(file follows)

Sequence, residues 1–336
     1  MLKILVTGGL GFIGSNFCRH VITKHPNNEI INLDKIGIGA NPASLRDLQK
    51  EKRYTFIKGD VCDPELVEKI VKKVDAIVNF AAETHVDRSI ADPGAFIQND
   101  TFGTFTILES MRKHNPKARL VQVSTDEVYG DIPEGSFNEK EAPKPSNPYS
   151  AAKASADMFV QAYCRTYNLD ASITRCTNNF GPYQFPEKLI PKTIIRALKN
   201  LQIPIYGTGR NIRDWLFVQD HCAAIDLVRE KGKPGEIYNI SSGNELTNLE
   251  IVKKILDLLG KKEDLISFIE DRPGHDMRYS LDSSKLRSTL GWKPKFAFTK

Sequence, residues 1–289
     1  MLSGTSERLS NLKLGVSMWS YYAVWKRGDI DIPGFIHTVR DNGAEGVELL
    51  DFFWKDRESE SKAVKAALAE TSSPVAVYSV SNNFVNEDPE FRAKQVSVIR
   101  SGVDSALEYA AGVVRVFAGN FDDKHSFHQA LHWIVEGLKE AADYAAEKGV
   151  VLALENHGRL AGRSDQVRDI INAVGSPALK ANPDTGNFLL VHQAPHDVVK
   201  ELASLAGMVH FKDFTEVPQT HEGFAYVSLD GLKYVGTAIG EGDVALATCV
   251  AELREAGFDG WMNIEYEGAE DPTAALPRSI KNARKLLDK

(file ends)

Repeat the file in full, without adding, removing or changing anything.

Sequence, residues 1–336
     1  MLKILVTGGL GFIGSNFCRH VITKHPNNEI INLDKIGIGA NPASLRDLQK
    51  EKRYTFIKGD VCDPELVEKI VKKVDAIVNF AAETHVDRSI ADPGAFIQND
   101  TFGTFTILES MRKHNPKARL VQVSTDEVYG DIPEGSFNEK EAPKPSNPYS
   151  AAKASADMFV QAYCRTYNLD ASITRCTNNF GPYQFPEKLI PKTIIRALKN
   201  LQIPIYGTGR NIRDWLFVQD HCAAIDLVRE KGKPGEIYNI SSGNELTNLE
   251  IVKKILDLLG KKEDLISFIE DRPGHDMRYS LDSSKLRSTL GWKPKFAFTK

Sequence, residues 1–289
     1  MLSGTSERLS NLKLGVSMWS YYAVWKRGDI DIPGFIHTVR DNGAEGVELL
    51  DFFWKDRESE SKAVKAALAE TSSPVAVYSV SNNFVNEDPE FRAKQVSVIR
   101  SGVDSALEYA AGVVRVFAGN FDDKHSFHQA LHWIVEGLKE AADYAAEKGV
   151  VLALENHGRL AGRSDQVRDI INAVGSPALK ANPDTGNFLL VHQAPHDVVK
   201  ELASLAGMVH FKDFTEVPQT HEGFAYVSLD GLKYVGTAIG EGDVALATCV
   251  AELREAGFDG WMNIEYEGAE DPTAALPRSI KNARKLLDK